| 23 February 2024, Friday |

What do we know about China’s respiratory illness surge?

Global attention has been drawn to the World Health Organization’s appeal for additional information regarding a spike in respiratory infections and pneumonia clusters among youngsters in China.

The WHO subsequently stated that health authorities had not found any uncommon or novel pathogens, and medical professionals and public health researchers concurred that there was no reason for concern on a global scale.

However, Taiwanese authorities this week recommended against traveling to China for the extremely young, the old, and people with weakened immune systems.

The rise in respiratory illnesses comes as China braces for its first full winter season since it lifted strict COVID-19 restrictions in December last year.

The spike in illness came into the spotlight when the WHO asked China for more information last week, citing a report by the Program for Monitoring Emerging Diseases (ProMED) on clusters of undiagnosed pneumonia in children.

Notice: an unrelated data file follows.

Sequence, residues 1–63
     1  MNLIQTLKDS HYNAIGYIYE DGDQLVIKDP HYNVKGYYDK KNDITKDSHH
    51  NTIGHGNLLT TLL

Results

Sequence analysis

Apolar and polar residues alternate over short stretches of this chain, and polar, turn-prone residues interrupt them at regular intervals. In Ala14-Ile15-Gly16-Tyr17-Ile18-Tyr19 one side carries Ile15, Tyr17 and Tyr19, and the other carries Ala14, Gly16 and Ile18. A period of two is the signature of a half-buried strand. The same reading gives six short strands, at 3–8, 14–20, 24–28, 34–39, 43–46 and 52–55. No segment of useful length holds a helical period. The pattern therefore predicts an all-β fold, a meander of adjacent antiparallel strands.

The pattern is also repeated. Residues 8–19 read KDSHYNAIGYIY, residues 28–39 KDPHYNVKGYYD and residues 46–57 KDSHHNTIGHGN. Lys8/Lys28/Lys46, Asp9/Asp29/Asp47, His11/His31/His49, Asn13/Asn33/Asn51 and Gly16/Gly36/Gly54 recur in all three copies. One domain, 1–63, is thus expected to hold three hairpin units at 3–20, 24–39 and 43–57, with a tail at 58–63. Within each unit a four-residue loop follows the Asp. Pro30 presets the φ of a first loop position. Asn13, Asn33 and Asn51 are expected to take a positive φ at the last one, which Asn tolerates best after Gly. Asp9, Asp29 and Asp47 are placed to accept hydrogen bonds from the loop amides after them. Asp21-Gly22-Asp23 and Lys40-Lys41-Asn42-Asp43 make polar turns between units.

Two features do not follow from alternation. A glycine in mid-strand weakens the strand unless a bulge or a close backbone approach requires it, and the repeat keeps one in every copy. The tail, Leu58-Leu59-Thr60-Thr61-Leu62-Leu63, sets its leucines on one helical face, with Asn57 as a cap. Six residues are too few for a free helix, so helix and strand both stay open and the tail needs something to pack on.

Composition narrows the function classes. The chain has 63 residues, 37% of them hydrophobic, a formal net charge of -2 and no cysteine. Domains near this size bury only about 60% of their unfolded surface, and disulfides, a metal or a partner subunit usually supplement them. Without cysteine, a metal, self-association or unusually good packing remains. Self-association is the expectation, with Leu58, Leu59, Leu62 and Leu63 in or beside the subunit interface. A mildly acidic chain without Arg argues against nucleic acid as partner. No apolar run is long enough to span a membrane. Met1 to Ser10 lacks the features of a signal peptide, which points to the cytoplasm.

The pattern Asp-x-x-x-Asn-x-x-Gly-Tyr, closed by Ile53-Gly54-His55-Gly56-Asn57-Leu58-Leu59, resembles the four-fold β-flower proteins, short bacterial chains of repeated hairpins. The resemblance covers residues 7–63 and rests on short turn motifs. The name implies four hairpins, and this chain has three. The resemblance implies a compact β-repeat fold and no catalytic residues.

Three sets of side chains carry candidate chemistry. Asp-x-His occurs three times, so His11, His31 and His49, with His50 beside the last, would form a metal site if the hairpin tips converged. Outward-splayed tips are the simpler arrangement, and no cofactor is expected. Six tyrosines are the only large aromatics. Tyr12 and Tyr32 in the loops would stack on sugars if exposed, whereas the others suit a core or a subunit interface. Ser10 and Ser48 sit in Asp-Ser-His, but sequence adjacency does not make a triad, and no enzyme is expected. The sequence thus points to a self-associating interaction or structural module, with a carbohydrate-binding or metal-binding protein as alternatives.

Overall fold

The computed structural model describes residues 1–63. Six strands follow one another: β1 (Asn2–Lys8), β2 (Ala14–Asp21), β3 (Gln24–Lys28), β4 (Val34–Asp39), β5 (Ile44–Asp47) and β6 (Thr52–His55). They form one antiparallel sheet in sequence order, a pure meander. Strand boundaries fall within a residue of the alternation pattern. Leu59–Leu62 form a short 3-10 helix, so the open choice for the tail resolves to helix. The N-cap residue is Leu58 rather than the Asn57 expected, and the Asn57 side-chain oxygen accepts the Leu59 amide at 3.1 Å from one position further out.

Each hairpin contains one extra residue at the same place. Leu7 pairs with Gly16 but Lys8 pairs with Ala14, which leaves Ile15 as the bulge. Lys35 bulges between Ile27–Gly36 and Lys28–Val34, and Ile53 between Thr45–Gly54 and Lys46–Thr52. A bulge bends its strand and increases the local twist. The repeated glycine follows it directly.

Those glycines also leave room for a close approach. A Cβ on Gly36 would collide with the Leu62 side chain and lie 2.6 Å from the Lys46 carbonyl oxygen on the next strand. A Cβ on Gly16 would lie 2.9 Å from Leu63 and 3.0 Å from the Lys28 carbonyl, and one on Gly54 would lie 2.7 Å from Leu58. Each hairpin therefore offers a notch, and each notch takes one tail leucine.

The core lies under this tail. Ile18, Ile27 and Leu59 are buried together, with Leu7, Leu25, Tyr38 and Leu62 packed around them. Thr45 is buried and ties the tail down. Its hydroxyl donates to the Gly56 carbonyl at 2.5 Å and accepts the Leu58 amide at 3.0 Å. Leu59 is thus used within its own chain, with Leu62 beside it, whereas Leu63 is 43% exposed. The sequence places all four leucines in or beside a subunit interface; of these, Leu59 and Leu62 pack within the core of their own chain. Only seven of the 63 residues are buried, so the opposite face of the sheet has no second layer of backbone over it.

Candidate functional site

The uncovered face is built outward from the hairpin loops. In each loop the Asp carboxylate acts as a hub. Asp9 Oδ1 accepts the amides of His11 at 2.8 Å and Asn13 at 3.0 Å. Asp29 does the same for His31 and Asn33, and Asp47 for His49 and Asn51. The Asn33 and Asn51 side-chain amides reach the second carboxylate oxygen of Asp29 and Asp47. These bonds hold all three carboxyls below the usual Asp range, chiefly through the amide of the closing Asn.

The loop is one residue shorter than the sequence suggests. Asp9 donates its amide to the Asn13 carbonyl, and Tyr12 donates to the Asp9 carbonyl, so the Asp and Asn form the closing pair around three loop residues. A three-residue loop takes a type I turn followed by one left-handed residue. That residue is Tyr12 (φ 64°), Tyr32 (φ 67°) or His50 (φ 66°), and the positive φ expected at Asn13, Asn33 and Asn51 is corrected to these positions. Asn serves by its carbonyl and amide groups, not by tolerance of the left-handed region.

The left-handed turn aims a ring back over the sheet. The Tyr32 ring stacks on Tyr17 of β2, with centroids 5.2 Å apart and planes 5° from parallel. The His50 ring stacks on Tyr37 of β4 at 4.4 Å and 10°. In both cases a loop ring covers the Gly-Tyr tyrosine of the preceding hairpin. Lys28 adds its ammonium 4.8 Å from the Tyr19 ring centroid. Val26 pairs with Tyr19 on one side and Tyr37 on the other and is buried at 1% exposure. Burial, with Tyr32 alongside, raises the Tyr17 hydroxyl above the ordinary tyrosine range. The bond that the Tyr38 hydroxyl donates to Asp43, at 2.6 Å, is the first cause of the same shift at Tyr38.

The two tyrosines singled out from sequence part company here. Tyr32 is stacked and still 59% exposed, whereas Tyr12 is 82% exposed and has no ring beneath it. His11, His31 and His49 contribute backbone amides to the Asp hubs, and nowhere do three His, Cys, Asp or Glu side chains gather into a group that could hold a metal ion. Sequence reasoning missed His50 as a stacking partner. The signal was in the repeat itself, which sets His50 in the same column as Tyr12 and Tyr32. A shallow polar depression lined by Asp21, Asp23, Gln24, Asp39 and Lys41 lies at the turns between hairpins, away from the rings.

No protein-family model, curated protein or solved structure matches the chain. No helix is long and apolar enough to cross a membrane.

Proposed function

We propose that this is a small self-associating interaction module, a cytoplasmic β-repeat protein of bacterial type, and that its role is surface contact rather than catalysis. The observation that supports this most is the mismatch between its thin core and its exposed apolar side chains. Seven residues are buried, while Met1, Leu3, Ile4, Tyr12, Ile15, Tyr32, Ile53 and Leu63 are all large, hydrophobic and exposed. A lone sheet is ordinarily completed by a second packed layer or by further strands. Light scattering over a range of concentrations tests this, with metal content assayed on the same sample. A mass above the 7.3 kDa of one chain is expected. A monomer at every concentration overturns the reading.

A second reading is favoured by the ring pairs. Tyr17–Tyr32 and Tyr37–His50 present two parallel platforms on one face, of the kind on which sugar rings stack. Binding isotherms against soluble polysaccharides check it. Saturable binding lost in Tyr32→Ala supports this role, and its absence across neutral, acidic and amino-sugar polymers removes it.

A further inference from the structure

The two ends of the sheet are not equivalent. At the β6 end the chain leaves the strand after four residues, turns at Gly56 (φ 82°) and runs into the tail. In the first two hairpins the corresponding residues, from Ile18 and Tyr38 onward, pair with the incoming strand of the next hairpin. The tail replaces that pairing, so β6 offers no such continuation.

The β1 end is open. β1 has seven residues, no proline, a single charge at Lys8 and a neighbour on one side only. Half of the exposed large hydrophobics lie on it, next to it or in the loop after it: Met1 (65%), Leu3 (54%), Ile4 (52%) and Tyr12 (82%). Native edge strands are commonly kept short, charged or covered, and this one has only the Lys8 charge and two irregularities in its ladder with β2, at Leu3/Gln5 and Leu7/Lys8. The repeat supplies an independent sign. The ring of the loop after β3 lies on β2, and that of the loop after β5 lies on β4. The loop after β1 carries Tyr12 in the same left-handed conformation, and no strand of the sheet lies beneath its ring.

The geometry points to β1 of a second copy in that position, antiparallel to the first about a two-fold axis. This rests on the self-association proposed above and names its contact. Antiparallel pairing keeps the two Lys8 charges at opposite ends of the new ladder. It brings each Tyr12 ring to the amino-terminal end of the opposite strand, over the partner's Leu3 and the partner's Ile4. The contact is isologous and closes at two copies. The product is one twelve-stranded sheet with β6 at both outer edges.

Some social media users have also posted photos of children receiving intravenous drips in hospital, while media in cities such as Xian in the northwest have posted videos of crowded hospitals, fanning concerns potential strains on the healthcare system.

One concern about the surge in respiratory illness is mycoplasma pneumoniae, which has also spiked in other countries.

Maria Van Kerkhove, COVID-19 Technical Lead at the World Health Organization told reporters on Wednesday that mycoplasma pneumonia is not a reportable disease to the WHO, and it was on the rise for the last couple of months but now appears to be declining.

“We’re following up through our clinical networks and working with clinicians in China to better understand resistance to antibiotics, which is a problem across the world, but is a particular problem in the Western Pacific and South East Asia region,” she said.

  • Reuters